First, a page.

"We're not completely destitute. We would've gotten a new van one way or the other," says frontmanMatthew Milia. "But we could use a new van, so we wanted to get our fans involved with it. I saw it as anopportunity to have a garage sale to make these off-kilter artifacts accessible. And if they'd like some of these things, it goes in a useful direction for us."Milia and Frontier Ruckus are part of a growing movement called crowdfunding. With crowdfunding, peopleinterested in seeing a certain endeavor completed can contribute money in tiered amounts in exchange for gratitude or goods.
, crowdfunding's household name, has driven more than 5,000 projects, likemovies, tours, books, software and albums, since its launch less than two years ago. Some bands who've usedKickstarter think it might forever change the music industryand, arguably, all art and cultureby allowinglisteners to put their funds where their fandom is. But it's not that simple, some say. Such systems takeadvantage of old fans by having them invest in a project that's not yet complete, critics say, and createillusions of demand. Those concerns haven't curbed the interest in crowdfunding, though; more than 2,500projects are currently being funded by Kickstarter alone, and for each of the last eight weeks, more than amillion dollars has passed through the network."For the past 60 years of recorded music, it's been prescribed, the way you record music and share it withpeople. There's no reason why that still has to be the case," says Kickstarter founder Yancey Strickler. "Thereason it still is the case is that, if you go to a record label and they give you money to make a record, theyexpect a record out of it. They expect a predictable piece of work. But as this grows, you're not beholden tothat.""I'm a really good candidate for the old system. I'm totally willing to work as hard as I need to, but I sort of need to be told what to do," says Cary of the regimen of managers and labels and booking agents she hadwith her previous bands. That old system, she's found, generally doesn't work. Otherwise, she might not haveneeded that auto loan for Evangeline. "Eventually, I think we may want to try Kickstarter."Indeed, the crowdfunding phenomenon now extends far beyond the arts and Kickstarter. More than a dozenwebsites offer such services; authors Kevin Lawton and Dan Marom went so far as to title their 2010 book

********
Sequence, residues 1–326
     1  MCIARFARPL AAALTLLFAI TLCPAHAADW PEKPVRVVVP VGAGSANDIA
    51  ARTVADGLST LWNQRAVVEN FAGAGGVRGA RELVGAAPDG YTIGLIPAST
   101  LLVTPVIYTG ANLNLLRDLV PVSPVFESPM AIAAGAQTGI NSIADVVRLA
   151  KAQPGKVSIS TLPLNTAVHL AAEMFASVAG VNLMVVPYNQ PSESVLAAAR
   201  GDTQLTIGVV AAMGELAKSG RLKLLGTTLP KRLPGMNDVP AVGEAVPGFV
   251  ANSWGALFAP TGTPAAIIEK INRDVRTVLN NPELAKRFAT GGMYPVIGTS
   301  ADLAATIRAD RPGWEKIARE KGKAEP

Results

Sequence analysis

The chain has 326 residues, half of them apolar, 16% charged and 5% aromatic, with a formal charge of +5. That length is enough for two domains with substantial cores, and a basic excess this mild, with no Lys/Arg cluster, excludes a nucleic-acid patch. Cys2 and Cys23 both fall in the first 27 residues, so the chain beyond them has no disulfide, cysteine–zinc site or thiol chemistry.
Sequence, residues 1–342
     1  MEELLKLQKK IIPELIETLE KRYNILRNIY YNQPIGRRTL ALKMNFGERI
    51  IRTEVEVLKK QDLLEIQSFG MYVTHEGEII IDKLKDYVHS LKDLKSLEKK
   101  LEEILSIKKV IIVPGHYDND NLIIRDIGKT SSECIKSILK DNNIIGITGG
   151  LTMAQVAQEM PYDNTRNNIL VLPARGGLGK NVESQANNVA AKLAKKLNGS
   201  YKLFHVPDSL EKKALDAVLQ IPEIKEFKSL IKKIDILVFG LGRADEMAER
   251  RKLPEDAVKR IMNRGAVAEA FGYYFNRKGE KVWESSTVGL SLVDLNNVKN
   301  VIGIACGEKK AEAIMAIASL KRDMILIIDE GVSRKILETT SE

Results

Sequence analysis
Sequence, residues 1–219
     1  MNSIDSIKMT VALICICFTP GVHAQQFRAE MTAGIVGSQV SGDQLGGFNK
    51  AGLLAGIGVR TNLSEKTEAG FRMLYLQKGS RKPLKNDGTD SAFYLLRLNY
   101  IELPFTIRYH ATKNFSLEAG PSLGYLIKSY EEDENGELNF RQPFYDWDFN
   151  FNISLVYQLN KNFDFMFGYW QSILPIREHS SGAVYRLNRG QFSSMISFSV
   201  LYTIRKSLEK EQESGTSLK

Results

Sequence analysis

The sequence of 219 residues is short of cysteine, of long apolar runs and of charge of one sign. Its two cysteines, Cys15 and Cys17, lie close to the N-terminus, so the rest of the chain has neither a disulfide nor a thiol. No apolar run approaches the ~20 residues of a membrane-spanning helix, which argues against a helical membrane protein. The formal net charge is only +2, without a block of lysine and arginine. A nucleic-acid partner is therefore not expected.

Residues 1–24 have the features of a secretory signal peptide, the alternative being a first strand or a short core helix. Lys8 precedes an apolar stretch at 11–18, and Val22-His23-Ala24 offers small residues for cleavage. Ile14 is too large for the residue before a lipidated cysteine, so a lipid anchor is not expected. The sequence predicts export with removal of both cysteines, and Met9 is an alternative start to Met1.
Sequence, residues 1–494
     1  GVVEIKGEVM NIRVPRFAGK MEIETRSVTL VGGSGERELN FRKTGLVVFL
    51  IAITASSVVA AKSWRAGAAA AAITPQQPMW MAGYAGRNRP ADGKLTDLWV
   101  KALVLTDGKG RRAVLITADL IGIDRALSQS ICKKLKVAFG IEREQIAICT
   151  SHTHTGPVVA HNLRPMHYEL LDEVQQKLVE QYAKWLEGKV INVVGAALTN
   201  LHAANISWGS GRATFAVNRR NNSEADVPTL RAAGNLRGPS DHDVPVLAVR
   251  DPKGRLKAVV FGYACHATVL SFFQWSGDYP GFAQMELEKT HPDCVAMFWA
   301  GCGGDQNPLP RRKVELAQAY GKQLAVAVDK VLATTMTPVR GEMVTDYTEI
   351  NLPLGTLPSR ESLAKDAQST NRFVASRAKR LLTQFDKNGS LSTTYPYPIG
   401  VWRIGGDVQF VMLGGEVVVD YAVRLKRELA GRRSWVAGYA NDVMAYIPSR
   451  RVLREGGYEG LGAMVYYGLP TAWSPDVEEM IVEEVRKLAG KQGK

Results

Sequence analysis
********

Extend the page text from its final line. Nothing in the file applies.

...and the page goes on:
The Crowdfunding Revolution
. The Florida-based
gathers funds for individualphilanthropy projects, while Michigan's
gives charities and volunteer organizations access to aworldwide network of would-be contributors. A California news organization,
, uses such techniquesto fund journalism; if a potential story is important enough to enough people, it gets funded, reported andwritten."Crowdfunding links funding with the social dynamics and affinity groups which naturally surround effortsthat resonate with our many motivations," reads
The Crowdfunding Revolution
. "That alone is enough tocause a monumental shift in the way business and organizations operate."For Rob Berliner, who plays mandolin and sings in the Philadelphia band Hoots & Hellmouth, crowdfundingfundamentally alters the way people can support what they value. It turns artistic commerce into a publicradio pledge drive. To wit, his band raised more than $20,000 to record an EP and an LP via Kickstarter."We live in this world where the consumer can go see a movie in a theater, or you can find an illegal way towatch it at home," says Berliner. "That's where a lot of things are going nowyou can take whatever youwant from the Internet, and you can spend exactly what you want on things, and nothing more."
ichael sold his car. It was an old BMWnothing new, nothing fancy, a box model from the '80s,"remembers Mark Holland, one of two twin brothers who founded the idiosyncratic Chapel Hill band